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Clinical Law Review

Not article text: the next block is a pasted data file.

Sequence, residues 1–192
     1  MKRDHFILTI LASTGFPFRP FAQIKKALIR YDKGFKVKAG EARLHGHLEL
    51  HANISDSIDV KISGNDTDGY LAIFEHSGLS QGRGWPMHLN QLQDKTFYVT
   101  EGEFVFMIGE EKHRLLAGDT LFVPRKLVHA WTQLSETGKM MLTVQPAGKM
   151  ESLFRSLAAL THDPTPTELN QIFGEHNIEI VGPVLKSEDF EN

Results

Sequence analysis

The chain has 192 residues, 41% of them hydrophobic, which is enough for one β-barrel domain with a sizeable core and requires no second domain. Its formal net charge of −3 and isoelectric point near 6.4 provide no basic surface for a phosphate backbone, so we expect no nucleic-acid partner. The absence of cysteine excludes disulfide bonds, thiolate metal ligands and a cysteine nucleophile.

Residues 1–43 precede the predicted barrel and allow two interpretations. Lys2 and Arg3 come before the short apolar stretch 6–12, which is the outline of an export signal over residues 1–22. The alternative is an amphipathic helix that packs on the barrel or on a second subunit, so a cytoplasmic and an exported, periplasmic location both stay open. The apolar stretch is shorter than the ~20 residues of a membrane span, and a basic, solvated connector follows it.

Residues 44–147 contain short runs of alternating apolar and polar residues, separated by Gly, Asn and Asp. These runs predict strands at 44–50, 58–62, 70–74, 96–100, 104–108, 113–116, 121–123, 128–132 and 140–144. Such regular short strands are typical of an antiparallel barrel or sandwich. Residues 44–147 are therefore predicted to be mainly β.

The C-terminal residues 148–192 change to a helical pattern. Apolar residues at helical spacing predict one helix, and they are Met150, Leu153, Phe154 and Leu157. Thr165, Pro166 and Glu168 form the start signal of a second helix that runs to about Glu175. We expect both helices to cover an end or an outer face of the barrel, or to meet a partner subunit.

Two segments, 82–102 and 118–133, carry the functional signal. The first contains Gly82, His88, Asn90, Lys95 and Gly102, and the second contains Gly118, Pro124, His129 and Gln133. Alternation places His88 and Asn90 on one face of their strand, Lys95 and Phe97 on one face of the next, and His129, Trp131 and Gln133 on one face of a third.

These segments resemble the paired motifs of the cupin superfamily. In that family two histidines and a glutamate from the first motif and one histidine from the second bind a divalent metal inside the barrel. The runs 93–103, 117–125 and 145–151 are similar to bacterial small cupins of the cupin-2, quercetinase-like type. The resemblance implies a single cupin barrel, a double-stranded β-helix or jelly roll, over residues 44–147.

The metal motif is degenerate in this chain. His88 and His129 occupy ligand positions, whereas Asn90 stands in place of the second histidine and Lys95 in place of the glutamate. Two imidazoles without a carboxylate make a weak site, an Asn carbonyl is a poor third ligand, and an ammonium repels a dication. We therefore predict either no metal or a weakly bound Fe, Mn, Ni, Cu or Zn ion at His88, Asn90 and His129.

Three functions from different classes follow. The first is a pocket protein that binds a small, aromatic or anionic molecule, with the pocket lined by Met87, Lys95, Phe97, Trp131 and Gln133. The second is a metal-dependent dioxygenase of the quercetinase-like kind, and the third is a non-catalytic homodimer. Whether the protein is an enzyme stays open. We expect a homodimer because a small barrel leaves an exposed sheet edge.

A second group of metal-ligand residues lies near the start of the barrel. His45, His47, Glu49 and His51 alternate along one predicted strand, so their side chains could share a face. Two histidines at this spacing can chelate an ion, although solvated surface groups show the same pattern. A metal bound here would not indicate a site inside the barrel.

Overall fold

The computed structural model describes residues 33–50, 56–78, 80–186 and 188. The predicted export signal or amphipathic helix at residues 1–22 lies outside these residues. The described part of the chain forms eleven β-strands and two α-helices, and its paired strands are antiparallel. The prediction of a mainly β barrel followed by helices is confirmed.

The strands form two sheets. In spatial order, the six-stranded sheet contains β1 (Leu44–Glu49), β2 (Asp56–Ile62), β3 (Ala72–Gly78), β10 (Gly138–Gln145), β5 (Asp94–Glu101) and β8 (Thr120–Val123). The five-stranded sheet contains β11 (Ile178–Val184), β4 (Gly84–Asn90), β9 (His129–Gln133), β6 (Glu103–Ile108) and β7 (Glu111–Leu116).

As important, and difficult, as it is to offer new law students clear and helpful frameworks for the interpersonal work of lawyering, do­ing so is only part of what a clinical textbook may aspire to. In our textbook-in-progress, we hope to offer both frameworks and support for students' sense of the incompleteness of every framework and for their recognition of the need for careful, flexible response to each in­dividual client. Even care and flexibility by themselves are not enough, however, and every text must choose which aspects of law­yer-client relationships it will emphasize most. In the sections that fol­low, we focus on lawyers' development of "connection in context," emotional connection and common ground with clients forged even across considerable gaps of difference; on the application of these skills across especially large contextual gaps, as illustrated in an inter­view with a client with a mild intellectual disability; and on the ethics and skills of making one special form of connection with a client, the moral relationship entailed in a "moral dialogue." These dialogues and commentaries explore many complex moments between lawyer and client, but they also reaffirm the central importance of a funda­mental skill and virtue - listening - in the lawyer's work of creating, in each case, a theory of the representation.



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